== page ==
Elul 10 – Forgive

OK, but I can’t. I mean the big things – those I can forgive. (Although, I admit, for those of you who can’t – I’ve not had a lot of horrible big bad things done to me which makes it easier.) It’s the little things, the little daily mosquito like things that people do completely unconsciously – those, I can never forgive. I can never forgive them because they’re still there, still filling the air with that nasty buzz, still causing nasty little pinpricks of pain, still causing me to swell up and itch and want to swat them and crush them flat! (Which is not something I would do, really but sometimes when I’m frustrated…)

How am I supposed to forgive that? I can’t. I can’t think of any good ways to forgive them. I’ve tried praying to have the anger gone, and it does go away – and then it comes back in full force the next time that person says that thing, or has that look or whatever. I’ve tried praying for good things for them – same problem! I’ve tried praying that those words wouldn’t matter – that they wouldn’t affect me. I’ve been more effective at praying for real mosquitoes to not affect me. At least there I could use after-bite. (Hmm…after-bite for people – there’s a winning product that would totally sell.)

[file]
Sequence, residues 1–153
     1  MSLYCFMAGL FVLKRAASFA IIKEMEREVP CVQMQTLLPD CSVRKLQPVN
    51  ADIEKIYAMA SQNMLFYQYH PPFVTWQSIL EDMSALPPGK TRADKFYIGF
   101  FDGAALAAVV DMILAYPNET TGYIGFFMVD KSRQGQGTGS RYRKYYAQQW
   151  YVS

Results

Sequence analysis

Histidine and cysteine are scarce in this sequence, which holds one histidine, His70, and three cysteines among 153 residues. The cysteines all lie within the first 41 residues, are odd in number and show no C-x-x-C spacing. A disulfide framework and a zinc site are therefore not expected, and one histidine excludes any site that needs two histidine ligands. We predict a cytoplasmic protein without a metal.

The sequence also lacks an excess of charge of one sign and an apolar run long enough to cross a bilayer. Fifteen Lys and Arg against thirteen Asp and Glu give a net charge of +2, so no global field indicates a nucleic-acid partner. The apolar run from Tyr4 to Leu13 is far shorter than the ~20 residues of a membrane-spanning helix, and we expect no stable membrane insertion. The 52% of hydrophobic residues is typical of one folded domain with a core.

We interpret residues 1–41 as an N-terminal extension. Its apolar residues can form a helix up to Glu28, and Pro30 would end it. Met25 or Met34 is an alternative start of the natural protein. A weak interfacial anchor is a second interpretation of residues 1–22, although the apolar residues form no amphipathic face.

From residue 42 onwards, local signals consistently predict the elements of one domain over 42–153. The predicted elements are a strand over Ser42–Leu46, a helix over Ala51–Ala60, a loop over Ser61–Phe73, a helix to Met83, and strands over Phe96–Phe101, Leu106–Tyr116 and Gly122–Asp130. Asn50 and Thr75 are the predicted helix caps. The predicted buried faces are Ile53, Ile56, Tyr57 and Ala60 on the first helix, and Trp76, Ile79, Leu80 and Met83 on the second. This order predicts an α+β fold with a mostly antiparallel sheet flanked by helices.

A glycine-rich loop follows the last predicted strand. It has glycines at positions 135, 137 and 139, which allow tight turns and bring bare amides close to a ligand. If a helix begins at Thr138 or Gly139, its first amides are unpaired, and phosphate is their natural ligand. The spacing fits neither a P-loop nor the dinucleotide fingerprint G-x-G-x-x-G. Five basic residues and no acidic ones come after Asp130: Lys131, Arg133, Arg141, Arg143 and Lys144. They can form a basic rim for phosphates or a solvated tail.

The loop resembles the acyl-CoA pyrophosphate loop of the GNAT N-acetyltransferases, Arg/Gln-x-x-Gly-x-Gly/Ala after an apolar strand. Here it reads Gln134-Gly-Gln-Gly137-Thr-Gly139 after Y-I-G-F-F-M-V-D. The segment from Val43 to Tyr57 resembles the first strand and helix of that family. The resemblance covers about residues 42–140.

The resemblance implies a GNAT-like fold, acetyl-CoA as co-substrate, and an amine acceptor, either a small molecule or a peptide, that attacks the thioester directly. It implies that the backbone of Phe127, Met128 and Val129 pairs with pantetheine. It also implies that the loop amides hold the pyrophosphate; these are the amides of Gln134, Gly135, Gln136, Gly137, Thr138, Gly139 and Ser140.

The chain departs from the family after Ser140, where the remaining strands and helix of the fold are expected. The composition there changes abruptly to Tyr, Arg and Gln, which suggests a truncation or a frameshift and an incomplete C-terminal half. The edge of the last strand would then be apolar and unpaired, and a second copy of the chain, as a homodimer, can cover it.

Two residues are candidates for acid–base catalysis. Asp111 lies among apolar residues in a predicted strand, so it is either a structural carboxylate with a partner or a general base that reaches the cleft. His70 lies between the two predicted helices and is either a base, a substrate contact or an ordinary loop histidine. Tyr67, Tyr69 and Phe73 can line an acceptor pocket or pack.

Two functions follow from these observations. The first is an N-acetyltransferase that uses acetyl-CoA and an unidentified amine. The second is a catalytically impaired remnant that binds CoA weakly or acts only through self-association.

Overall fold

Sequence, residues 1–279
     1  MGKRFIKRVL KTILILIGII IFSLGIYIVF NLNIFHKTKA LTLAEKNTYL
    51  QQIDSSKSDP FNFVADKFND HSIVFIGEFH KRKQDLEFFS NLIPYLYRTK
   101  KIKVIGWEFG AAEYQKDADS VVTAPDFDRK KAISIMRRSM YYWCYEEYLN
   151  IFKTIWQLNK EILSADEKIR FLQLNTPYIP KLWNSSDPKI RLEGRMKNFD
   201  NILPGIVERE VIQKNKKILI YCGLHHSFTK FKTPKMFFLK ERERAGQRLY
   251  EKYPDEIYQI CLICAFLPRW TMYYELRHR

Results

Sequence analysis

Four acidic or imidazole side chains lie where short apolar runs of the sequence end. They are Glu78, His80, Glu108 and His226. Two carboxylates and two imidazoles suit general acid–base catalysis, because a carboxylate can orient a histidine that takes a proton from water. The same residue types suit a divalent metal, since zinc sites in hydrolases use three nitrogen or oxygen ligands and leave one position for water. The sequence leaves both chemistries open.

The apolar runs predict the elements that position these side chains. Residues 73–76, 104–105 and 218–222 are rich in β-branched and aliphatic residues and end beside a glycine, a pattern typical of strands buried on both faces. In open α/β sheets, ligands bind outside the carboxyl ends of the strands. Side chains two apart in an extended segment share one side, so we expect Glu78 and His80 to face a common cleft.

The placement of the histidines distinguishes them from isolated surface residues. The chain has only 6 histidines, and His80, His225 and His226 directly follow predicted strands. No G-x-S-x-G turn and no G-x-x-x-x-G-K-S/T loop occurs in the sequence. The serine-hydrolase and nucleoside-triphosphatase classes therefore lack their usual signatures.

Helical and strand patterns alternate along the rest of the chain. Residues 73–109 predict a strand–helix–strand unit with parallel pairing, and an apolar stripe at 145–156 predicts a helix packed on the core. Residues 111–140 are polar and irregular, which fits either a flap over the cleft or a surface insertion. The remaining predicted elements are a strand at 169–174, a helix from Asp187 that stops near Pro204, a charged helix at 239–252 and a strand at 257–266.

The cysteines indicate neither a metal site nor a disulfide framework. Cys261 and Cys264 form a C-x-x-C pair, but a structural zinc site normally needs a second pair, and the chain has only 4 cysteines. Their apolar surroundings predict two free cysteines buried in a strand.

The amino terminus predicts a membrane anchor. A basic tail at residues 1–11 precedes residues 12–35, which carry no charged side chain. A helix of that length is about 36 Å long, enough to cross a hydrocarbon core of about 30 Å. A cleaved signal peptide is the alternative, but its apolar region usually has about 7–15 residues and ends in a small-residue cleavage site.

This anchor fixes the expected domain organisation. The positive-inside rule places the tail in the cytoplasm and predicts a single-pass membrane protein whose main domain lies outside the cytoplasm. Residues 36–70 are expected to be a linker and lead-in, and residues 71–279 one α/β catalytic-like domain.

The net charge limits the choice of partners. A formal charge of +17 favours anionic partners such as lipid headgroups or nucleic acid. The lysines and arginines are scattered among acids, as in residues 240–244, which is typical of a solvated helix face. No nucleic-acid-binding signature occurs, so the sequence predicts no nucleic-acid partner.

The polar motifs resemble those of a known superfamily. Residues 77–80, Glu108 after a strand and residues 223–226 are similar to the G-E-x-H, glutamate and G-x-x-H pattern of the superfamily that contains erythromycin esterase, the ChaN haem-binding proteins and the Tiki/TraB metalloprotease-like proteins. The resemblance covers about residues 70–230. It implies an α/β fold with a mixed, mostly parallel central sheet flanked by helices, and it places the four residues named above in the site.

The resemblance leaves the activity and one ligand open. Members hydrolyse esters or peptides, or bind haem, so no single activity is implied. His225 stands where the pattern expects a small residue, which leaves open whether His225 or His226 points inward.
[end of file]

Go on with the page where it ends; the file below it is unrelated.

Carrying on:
Focusing on the positive aspects of the person helps sometimes, as does sharing good times with that person. Other times it’s easier when I’m not around them (although that is more rare – generally when I’m not with someone who annoys me, my mind keeps replaying that nasty mosquito bite over and over, itching at the sore spot until it bleeds.)  Even saying “I forgive you – in my head, by my self, with no one there – causes me grief. It’s amazing how hard my teeth can clench. And of course, that forgiveness isn’t real, and we all know there’s nothing as empty as grudging forgiveness. (It was one of dad’s phrases – “as empty as grudging forgiveness” – I’ve always been so impressed with the man for being able to use a phrase like that in a language not his own.)